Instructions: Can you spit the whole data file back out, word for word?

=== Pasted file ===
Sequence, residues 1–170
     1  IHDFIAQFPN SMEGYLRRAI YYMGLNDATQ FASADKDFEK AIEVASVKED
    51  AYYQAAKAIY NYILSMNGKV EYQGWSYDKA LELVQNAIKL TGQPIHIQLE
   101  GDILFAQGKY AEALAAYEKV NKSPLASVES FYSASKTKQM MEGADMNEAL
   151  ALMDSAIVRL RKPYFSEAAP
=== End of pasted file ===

Sequence, residues 1–170
     1  IHDFIAQFPN SMEGYLRRAI YYMGLNDATQ FASADKDFEK AIEVASVKED
    51  AYYQAAKAIY NYILSMNGKV EYQGWSYDKA LELVQNAIKL TGQPIHIQLE
   101  GDILFAQGKY AEALAAYEKV NKSPLASVES FYSASKTKQM MEGADMNEAL
   151  ALMDSAIVRL RKPYFSEAAP